Joe Posnanski writes that the Royals continue to confound logic. That sure is fun!
But it is in the field that Aoki is a particular joy to watch; I have never seen a player look so confused while making so many good plays. It is like Aoki’s mind is a lost GPS voice repeating, "Still calculating," but he somehow gets to the ball and catches it anyway. In addition to the backhanded stab over Cain’s glove, he also spun helplessly under a ball he’d lost in the lights, and he chased after one warning track fly ball by way of San Bernardino. But the balls all ended up in his glove, as always happens, and in this, he seems as surprised as everyone else. After catching the ball over Cain, he smiled and shrugged and theatrically tossed the ball into the booing crowd....
Raul Ibanez, a 42-year-old hitter who played for some of those unfortunate Royals teams and plays for this one, too, says it like this: "It’s baseball. It doesn’t have to make sense."
Fivethirtyeight shows that projections can pretty much be thrown out the window when it comes to the playoffs, and the Royals are the best example of this.
To test this, I gathered preseason Vegas over/unders and Baseball Prospectus’s PECOTA projected records back to 2005, then plugged those projections — and regressed versions of each team’s regular-season record — into a logit model attempting to predict the outcomes of every playoff game from 2005 to 2013. In accordance with every other failed study looking for magic postseason bullets, it appears that preseason projections don’t matter a bit when predicting the playoffs. I tested PECOTA and Vegas separately and together as a composite prediction, and neither was a significant predictor after controlling for a team’s regular-season performance.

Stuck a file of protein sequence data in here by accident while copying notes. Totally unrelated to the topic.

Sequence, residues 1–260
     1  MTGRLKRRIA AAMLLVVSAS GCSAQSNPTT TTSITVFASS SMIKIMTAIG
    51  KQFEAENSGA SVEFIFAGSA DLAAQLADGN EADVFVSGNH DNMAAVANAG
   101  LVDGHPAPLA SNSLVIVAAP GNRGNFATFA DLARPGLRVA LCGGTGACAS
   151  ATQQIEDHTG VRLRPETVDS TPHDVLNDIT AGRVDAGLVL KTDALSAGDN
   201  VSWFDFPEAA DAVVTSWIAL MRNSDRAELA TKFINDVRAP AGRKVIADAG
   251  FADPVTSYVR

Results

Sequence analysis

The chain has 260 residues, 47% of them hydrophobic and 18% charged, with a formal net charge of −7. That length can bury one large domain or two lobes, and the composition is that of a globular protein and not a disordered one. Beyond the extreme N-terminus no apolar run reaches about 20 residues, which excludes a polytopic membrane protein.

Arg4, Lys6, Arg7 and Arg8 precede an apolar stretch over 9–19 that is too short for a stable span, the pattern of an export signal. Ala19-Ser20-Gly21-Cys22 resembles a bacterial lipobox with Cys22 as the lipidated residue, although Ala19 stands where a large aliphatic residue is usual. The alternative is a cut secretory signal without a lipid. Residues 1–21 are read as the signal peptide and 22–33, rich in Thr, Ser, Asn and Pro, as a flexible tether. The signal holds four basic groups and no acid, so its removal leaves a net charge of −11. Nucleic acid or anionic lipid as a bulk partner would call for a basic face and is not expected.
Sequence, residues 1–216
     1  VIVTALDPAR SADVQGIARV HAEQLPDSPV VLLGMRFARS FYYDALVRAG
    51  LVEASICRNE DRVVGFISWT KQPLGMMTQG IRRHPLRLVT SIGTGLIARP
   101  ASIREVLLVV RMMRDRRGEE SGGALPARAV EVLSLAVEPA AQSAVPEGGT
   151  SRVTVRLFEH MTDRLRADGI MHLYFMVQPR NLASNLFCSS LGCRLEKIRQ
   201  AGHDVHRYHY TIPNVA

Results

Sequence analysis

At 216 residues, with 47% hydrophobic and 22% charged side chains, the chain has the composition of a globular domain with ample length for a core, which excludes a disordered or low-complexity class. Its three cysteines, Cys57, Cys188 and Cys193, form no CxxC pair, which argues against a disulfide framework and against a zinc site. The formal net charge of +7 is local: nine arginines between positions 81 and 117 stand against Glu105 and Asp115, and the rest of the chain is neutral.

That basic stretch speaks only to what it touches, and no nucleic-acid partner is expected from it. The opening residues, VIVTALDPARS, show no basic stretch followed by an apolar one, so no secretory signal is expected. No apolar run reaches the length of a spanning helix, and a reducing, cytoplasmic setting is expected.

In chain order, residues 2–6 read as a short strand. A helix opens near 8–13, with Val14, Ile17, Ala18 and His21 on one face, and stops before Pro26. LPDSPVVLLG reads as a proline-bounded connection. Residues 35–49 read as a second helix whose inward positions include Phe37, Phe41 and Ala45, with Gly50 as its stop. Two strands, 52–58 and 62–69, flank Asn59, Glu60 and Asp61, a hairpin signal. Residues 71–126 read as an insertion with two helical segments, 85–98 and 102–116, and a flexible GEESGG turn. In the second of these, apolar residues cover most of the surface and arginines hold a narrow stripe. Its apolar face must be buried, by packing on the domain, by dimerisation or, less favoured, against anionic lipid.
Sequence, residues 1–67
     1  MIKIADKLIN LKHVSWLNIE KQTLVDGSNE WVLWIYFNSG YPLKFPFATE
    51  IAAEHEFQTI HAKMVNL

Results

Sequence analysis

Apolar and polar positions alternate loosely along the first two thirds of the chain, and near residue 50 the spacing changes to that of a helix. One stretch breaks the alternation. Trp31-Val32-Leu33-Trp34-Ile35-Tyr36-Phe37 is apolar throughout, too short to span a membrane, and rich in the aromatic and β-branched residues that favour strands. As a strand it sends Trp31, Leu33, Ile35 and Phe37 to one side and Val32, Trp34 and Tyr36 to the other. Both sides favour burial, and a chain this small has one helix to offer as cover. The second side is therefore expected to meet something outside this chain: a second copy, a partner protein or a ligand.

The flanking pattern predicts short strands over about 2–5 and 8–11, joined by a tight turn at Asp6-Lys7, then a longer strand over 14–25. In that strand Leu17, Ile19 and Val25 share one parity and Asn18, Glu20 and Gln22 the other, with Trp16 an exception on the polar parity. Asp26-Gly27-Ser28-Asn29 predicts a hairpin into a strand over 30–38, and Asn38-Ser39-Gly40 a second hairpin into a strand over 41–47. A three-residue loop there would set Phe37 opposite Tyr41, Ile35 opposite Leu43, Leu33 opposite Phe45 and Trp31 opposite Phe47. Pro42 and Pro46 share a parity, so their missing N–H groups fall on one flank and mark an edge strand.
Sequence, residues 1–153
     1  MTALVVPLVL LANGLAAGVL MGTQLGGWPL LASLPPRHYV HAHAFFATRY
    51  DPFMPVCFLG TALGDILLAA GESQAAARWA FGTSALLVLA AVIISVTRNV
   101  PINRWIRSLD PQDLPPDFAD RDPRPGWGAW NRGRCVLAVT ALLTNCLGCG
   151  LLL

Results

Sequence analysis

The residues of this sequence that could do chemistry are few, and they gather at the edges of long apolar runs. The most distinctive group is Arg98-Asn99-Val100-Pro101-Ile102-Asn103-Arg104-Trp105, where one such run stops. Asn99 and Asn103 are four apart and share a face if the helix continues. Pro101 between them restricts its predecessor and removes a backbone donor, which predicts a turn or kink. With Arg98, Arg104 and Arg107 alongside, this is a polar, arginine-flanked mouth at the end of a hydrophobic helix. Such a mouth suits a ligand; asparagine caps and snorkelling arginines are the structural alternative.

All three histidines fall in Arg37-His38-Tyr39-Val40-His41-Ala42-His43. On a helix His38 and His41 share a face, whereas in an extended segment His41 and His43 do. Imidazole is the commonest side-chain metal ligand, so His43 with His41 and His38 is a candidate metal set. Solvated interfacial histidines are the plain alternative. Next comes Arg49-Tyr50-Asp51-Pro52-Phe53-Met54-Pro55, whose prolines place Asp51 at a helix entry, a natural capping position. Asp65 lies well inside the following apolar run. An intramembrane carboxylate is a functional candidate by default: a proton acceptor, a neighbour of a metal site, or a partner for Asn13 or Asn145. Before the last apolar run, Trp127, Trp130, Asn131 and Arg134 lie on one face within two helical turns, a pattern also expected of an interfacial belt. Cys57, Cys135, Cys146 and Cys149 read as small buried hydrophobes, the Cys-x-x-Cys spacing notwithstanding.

Baseball Prospectus talks to Danny Duffy about his stuff.
"If a guy’s an early hacker, I will maybe mix in a two-seam every now and then. But I try to just keep it simple, I attack with my four-seam and if I can't find the command with that, I'll see what I can do with the sinker," said the 26-year-old. "I try to line my two fingers up with the two seams on the back side of the horseshoe and I move my thumb up if I want more movement, on to the side and on to the equator of the ball."
BREAKING NEWS: Terrance Gore is fast.
The Wall Street Journal compares Royals manager Ned Yost with Orioles manager Buck Showalter and calls Ned a not-very-nice-name.
For Yost, nothing changes. He is the kind of man who will not order eggs at Sunday brunch past 11:59 a.m., because that’s the afternoon and the afternoon is lunchtime. With the Royals clinging to a one-run lead in the sixth inning of the AL wild-card game against Oakland, Yost had a trio of dominant relievers to pick from. But it was not their prescribed time to pitch, so he brought in a rookie starter, Yordano Ventura, who had thrown 73 pitches just two days earlier. The ensuing three-run homer set off an avalanche of criticism that was muted only by the Royals’ dramatic comeback victory.
Here’s what Showalter and Yost have in common, though: Whether to the delight or the infuriation of their fans, their in-game management is noticeable. And their public personas are far from cardboard.
Andy McCullough writes that Yost is willing to change his ways for the post-season.